- Subwebs solve the name space problem, a must in a large corporate deployment with hundreds or thousands of users
- Default skin is considered ugly and complicated by many people.
- Most corporate users create a skin in their corporate standard.
- By default, keeps all revisions of everything around forever. This may be discouraging to those who are afraid that their old writings may be used against them.
- A complete audit trail is required / nice to have
- Page locking can get in the way.
- Content is not lost even if you break a page lock.
- With all the templates, skins, plug-ins, and other customization features, a CompulsiveCustomizer can spend a lot of time generating and fixing big messes instead of being productive.
- Time well spent for one person to make hundreds of users more productive
In short, TWiki is one of the more powerful, adaptable, and complex WikiEngines
available. If you need that power, then it's a good choice. If you don't, a simpler solution may give the administrator fewer headaches and may be more approachable for the users. The hardest thing about successfully using a wiki in the workplace is getting people to use it, and TWiki can intimidate people unless you customize it to suit them.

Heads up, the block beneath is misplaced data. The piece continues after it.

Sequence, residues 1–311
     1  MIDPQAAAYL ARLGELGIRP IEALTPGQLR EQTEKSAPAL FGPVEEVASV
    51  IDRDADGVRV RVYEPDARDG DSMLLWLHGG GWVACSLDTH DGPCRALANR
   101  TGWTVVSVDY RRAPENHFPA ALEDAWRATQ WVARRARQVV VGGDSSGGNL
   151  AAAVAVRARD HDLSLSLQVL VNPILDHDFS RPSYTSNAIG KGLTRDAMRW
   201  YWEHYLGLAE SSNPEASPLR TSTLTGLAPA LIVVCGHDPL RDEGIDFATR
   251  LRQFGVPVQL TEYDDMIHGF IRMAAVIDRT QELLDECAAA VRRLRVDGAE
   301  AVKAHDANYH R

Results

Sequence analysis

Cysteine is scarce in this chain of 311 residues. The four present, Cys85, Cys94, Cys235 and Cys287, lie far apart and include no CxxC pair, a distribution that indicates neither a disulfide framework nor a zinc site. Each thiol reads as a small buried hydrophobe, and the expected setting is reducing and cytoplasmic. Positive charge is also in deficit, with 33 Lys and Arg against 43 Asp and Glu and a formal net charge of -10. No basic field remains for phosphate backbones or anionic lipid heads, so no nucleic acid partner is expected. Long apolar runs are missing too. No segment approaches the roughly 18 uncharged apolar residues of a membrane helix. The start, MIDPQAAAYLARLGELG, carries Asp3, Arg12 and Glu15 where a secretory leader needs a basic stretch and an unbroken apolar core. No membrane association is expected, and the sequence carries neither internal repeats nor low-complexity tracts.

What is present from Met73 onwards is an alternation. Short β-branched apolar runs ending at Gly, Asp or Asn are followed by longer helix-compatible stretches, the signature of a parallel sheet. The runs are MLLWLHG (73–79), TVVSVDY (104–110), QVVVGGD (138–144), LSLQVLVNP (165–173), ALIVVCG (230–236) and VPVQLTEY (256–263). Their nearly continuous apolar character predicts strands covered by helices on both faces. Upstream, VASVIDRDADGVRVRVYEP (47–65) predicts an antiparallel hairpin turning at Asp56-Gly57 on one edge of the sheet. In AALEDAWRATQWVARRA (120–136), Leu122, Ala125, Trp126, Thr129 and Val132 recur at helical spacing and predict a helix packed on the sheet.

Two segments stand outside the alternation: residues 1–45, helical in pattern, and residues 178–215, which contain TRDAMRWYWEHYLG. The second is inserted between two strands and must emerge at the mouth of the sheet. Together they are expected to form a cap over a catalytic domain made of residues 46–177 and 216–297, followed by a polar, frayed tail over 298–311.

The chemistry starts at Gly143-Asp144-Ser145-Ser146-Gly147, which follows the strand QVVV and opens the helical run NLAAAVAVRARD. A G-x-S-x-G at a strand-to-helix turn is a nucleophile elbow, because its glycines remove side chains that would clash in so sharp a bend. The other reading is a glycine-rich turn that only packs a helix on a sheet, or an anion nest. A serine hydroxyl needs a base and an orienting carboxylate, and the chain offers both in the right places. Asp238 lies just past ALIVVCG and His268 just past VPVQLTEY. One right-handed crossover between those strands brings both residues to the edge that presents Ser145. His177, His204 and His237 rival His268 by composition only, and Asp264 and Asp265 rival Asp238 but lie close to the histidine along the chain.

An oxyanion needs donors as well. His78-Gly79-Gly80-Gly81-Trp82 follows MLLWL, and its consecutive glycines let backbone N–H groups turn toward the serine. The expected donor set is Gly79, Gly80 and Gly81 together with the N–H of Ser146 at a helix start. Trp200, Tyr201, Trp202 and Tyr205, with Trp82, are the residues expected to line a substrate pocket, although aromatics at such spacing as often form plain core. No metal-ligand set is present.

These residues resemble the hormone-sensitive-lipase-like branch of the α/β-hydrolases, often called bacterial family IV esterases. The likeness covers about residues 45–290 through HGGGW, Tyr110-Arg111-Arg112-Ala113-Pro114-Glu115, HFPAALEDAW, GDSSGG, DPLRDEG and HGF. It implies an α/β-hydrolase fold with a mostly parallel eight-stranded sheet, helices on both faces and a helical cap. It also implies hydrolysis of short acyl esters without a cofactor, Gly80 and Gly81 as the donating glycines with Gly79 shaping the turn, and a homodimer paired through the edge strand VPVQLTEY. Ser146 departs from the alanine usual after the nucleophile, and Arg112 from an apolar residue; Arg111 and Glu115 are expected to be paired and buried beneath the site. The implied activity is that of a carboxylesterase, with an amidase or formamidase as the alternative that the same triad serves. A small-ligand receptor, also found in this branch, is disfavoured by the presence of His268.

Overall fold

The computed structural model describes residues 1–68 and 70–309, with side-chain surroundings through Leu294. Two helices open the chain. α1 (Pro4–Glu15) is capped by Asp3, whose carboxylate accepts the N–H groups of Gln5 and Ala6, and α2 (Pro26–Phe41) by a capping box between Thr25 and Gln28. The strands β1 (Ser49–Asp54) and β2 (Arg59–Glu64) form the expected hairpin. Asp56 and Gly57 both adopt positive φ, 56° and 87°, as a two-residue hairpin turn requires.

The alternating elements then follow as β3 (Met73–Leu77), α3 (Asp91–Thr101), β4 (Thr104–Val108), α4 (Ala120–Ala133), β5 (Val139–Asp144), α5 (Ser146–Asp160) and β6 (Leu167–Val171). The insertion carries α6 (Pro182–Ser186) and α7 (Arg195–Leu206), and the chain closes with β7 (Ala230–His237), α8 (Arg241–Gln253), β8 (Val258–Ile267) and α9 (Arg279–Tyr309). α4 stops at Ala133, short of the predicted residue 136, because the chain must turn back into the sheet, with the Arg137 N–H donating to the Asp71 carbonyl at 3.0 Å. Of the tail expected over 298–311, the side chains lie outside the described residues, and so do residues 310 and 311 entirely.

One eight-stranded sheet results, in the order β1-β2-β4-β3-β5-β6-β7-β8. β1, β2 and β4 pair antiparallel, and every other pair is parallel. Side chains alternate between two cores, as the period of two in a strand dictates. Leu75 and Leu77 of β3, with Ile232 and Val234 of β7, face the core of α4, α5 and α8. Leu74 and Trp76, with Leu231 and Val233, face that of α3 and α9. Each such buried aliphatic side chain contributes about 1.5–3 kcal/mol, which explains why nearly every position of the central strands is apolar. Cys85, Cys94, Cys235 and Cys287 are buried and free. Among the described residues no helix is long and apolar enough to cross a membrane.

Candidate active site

See also ChoosingaWiki
I personally haven't figured out twiki wikis yet, they look confusing. I prefer UseMod.
From my perspective TWiki's biggest problem is the packaging. It's like buying a motorcycle in a box and having to assemble it before you can really use it. Sure you can drive it right away, but installing the seat, signal, brakelights, headlights, side mirrors, saddle bags, windscreen, etc. sure makes it a lot more pleasant to use! -- MattWilkie
Well worth putting a link on TWiki.org at (say) http://twiki.org/cgi-bin/view/Codev/WikiInTheWorkPlaceSurvey
- will also link from http://twiki.org/cgi-bin/view/Codev/HowToGetInternalBuyInForTWiki
which has discussion of getting adoption of TWiki in the workplace. -- RichardDonkin
I'm still trying to articulate what it is that wiki does well and what it doesn't --- It's difficult to tell whether its successes and failures are in the code or the culture of the groups in which it has succeeded and failed. Here's an opinion expressed by one of our survey respondents:
"[Wiki is o]nly really good at linear textual content. That's really the only thing. For details, read on, but basically TWiki is aimed at capturing linear text and not much else. That makes it very powerful *IF* your organization has a majority of that, but the rest is a problem. Not good at tables that are larger than "small", not good at all for graphics like diagrams, graphs, flowcharts, powerpoints, or even databases. Editing non-text attachments is cumbersome, and attachments aren't searchable from within TWiki either."
Is there a sweet point